A Balanced Budget Is Not the Answer
by Michael Johns
In its political toughness with the Clinton White House in recent months, the Republican leadership in Congress has elevated balanced-budget proposals to the top of America's political agenda. Although at least nominal political differences exist over the means to arrive at this objective, the embrace of a seven-year balanced-budget goal by both Republican congressional leaders and President Clinton represents the most significant shift in the economic thinking of the political elite in perhaps two decades. The concept of balanced budgets has long existed as a weapon in mainstream political rhetoric, but only since the 1994 elections has this rhetoric run the significant possibility of becoming political reality.
Yet before such a goal is uniformly embraced and enacted as policy, Congress and Clinton should pause to reflect on whether such an objective deserves its place at the pinnacle of our economic objectives. Upon such reflection, there is good reason to believe that it does not.
There is, for instance, no historical data that would demonstrate that a balanced budget enhances gross domestic product (GDP) or any other indicator of economic productivity. Balanced budget advocates have long contended that the absence of a balanced budget opens the door to a "crowding-out effect? on interest rates, whereby government borrowing actually closes out private borrowing, thus raising interest rates on private credit and slowing the economy. Contrary to this, however, some of the most profound drops in interest rates and expansions in economic growth have occurred at moments when the deficit has been on the rise (witness, for instance, the interest-rate drop and economic growth that largely characterized the eight-year Reagan administration period).
Nor is there any particular evidence demonstrating that our current budget deficit is necessarily at the root of any particular economic problem that a balanced budget would correct. True, the balanced budget is a convenient political means for cutting the substantial waste and even fraud that exists in federal expenditures, but there is no reason to believe that this could not be accomplished short of wedding our nation's policy leaders to a squarely balanced budget in every fiscal year.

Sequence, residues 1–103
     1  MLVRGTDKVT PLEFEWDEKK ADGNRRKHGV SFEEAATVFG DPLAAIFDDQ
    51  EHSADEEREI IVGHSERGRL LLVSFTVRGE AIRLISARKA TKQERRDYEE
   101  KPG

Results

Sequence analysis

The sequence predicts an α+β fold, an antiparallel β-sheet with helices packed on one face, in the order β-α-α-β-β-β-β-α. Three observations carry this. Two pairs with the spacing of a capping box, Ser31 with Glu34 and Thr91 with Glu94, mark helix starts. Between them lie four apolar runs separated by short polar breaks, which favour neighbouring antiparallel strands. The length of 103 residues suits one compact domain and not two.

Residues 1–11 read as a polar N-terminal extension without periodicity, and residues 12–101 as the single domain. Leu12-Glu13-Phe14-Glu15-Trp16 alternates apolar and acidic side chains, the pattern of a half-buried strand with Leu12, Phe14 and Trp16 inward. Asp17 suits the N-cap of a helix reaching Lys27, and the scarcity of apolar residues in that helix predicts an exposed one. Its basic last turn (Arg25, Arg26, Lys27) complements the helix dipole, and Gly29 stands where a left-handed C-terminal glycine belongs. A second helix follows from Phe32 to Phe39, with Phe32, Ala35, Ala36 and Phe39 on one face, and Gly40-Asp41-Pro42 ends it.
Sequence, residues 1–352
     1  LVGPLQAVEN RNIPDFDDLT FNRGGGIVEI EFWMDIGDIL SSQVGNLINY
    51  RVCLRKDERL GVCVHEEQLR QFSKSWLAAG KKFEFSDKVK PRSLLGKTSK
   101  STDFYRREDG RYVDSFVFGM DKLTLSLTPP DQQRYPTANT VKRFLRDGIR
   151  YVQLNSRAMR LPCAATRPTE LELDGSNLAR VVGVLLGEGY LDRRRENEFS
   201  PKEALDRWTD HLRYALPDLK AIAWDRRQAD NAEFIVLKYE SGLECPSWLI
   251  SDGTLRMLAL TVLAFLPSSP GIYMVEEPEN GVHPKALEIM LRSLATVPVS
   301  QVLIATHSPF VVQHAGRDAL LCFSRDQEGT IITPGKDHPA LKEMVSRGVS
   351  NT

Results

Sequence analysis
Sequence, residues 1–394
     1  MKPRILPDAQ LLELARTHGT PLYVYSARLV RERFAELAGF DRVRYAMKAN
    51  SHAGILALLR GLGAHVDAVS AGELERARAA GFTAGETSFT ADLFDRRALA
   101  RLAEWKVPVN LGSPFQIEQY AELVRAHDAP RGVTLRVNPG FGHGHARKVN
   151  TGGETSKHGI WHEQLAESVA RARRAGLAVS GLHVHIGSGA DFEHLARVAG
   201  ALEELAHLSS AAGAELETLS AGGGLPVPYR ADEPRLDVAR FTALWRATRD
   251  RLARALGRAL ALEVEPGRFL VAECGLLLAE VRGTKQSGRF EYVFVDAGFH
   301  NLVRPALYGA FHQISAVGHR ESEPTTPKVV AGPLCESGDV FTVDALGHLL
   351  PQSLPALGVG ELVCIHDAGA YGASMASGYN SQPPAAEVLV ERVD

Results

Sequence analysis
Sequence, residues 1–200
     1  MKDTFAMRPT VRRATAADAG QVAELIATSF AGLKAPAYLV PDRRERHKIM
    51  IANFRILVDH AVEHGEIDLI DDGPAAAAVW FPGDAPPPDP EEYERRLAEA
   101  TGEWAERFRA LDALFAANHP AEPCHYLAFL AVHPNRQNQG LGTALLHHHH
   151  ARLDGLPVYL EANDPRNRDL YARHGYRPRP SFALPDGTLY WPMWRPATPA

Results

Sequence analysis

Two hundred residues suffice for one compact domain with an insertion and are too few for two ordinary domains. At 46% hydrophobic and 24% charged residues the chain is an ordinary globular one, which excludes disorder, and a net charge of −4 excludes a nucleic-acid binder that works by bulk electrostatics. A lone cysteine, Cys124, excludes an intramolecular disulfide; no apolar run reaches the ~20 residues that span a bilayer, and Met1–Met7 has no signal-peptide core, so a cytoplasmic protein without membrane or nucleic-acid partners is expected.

BALANCED BUDGETS BEHIND
Perhaps most convincingly, America does have some previous experience with balanced-budget efforts, and it is cause not for celebration but considerable alarm. Without exception, on six consecutive occasions from 1817 until 1930 when government cut spending considerably without simultaneously seeking to stimulate the economy with equally deep tax cuts or other fiscal stimuli, depressions arose. The correlation is a shocking 100 percent. Balanced-budget efforts in America have always preceded national depressions.
So why are we doing this? It is reasonably apparent, on close examination, that the balanced-budget debate, rather than seeking the advancement of any specific macroeconomic goal is more a convenient means by advocates for accomplishing other political objectives that otherwise might be less sellable. On one hand, for instance, many congressional Republicans see the balanced budget as a political vehicle for enacting sweeping cuts in federal spending that, without the political cover of a balanced budget, likely would be significantly more difficult to sell to the American people.
On the other hand, many Democrats, including President Clinton, appear to see the balanced budget as a far-off and thus somewhat meaningless objective; even if Clinton were reelected, the current proposals would not force him to balance even one budget in a second term. Perhaps because of this, he has seen little imperative in resisting the plan. In January, one senior Clinton aide conceded that the administration's endorsement of a balanced budget was just "a public relations game."
Also not considered by many Republicans is the fact that some Democrats may even see the balanced budget as a means for providing political cover for eventually increasing the tax burden on the American people, even though such fiscal steps have been universally discredited over the past two decades. Nonetheless, if maintaining balance in the federal budget is the nation's top economic priority, the balanced budget could likely be used over time to justify enhancing federal revenue through larger tax demands on both private citizens and businesses. Short of this, congressional Democrats will almost certainly use the balanced-budget restrictions as justification for resisting any Republican-sponsored tax cuts.
For Republicans and fiscal conservatives, this raises the question of whether the political cover for spending cuts that accompanies a balanced budget is worth the risk of providing Democrats and fiscal liberals with the same level of future political cover for raising taxes. The answer is that it most probably is not.